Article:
Wilton Barnhardt knows of which he writes. In his fourth novel, Lookaway, Lookaway, the native of Winston-Salem and current professor at North Carolina State University delves into Southern high society, peering beyond the serene surface of propriety and exposing the down-and-dirty truths (and secrets!) that lurk underneath. His portrait of the Johnstons—and all of their trials and tribulations—is biting and hilarious. (Read our What We're Reading post about the book here.)

We were curious about which books Barnhardt has enjoyed reading lately, so we asked him. Here are his three recommendations:

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By James Salter

What prompted you to read it?
It’s James Salter. What is he? Eighty-seven, I think—and this is the first novel in 30-some years. As with Alice Munro, I would read the shopping list of this master of English prose.

Why do you recommend it?
Of course, it has supremely drawn characters, which you’d expect. It is a textbook of narrative momentum. The opposing energies of precise detail then summary, extraneous episode then essential plot point, telling with no showing, showing with no telling. . . . It carries the reader along with assurance and aplomb. Reviewers said it was largely a roman à clef, which I admit adds a bit to the interest. But my main attraction was the glorious, inimitable James Salter prose!

By Karen Joy Fowler

What prompted you to read it?
There was such a New York Times rave; plus, Andrea Barrett blurbed it (I am dying to get her new story collection Archangel, too, by the way).  Finally, my publisher, St. Martin’s contacted Fowler, and she was nice enough to provide Lookaway, Lookaway a blurb, so I was eager to see her new book.  I adored her first novel, Sarah Canary.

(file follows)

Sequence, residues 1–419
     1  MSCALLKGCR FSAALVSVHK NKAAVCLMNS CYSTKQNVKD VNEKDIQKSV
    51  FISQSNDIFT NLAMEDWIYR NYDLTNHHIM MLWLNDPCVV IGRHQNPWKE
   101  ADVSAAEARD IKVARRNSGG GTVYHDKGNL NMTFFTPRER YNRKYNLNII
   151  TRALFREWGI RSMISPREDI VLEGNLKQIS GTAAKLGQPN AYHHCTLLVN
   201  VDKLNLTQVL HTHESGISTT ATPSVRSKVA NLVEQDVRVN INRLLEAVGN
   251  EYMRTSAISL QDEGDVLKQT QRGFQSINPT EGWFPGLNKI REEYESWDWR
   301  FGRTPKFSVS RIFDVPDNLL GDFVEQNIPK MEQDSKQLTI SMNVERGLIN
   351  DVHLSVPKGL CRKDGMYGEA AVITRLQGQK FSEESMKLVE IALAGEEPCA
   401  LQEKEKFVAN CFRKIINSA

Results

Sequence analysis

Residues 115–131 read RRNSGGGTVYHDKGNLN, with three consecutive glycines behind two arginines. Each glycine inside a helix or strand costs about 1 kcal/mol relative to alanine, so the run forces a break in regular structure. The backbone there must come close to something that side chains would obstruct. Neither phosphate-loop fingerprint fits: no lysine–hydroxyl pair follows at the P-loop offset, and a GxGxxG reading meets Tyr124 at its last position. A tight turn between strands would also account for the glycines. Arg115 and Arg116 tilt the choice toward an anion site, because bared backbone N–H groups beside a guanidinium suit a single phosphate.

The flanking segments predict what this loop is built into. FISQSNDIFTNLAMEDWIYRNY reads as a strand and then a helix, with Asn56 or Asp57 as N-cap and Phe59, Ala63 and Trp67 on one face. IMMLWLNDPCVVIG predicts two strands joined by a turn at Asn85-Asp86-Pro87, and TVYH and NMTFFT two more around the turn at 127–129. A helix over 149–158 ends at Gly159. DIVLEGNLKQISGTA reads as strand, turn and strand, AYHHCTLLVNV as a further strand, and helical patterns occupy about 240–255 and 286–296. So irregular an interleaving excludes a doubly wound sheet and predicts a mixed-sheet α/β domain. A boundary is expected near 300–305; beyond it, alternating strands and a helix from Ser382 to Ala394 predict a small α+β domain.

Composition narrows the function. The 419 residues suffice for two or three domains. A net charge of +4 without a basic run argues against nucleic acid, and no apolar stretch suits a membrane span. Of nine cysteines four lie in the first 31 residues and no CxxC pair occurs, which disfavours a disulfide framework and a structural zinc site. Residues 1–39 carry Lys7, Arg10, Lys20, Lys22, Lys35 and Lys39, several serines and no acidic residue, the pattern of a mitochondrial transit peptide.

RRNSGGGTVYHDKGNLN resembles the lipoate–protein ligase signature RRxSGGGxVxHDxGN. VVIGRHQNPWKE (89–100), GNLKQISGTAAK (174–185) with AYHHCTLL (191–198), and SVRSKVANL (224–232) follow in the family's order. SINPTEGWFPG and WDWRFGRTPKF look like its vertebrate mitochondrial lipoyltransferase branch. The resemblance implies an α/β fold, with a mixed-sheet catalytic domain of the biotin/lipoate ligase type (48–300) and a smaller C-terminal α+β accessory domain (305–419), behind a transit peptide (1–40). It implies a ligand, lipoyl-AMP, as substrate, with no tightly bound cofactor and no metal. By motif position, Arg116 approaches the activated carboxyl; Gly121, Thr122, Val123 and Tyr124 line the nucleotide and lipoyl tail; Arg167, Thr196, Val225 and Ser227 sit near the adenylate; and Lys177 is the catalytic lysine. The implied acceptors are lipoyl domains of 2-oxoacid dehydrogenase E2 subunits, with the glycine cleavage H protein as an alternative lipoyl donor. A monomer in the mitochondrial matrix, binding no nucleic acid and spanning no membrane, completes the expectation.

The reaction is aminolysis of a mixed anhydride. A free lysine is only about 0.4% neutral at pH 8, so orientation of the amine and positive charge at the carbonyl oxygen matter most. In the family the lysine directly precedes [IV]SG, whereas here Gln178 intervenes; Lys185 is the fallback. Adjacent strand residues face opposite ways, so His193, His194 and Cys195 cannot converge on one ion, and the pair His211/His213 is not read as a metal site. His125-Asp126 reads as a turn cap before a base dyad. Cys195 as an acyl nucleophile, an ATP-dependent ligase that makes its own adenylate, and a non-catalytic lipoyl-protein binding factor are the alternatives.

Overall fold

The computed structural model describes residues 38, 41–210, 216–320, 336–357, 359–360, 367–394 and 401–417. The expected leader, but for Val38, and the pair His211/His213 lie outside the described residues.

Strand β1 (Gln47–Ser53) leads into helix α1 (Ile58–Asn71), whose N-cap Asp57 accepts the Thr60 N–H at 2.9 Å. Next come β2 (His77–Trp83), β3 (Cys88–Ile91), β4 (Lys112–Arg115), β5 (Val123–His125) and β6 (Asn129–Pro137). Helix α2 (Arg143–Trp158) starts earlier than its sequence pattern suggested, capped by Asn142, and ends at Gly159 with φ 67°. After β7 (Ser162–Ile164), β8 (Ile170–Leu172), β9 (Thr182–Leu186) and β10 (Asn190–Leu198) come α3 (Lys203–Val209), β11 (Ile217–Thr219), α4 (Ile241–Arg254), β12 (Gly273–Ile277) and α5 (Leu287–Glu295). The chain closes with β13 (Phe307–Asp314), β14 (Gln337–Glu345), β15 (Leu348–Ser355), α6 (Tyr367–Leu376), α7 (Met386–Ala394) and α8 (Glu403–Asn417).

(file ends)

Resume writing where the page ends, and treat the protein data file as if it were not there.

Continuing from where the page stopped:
Why do you recommend it?
It’s simply one of the best, most moving, important, humane books I’ve read in years. There are not many original family sagas left to tell, but, by God, Fowler has thought of a new one. (I suspect there are many nonfiction models for accounts of family life where some Skinner-like research experiment has played out, seemingly harmless and engrossing at the time but with later dire consequences, but there is no fiction I have ever heard of with Fowler’s particular subject.) I won’t say much more about it—it is full of surprises which I have no intention of spoiling. The narrator is winning, funny, wry, which doesn’t quite prepare you for the heartbreak and profound sadness ahead.

By Edmund White

What prompted you to read it?
David Ebershof, a writer who I very much admire, wrote that it may be White’s best novel (and White has written so prolifically!), so I thought it was time to check in with E.W. again.

Why do you recommend it?
White is another master of felicitous prose, particularly when describing the Jamesean intricacies of human relations—and, yes, he can write sex better than most, and gay sex better than anyone! White, for my money, has been too melancholy in some of his books and his trademark moroseness is here, too (with good reason: existential New York miasma, AIDS, literary failures), but the spark of love and friendship between the gay hero and his straight friend, in the end, suggests hope and is a life raft to cling to. And White’s narrative legerdemain arrives once a paragraph, page after page, description after gorgeous description—spiced up, as well, by some of his wittiest dialogue.

What say you, readers? Will you be checking out Lookaway, Lookaway or Bernhardt’s suggestions?

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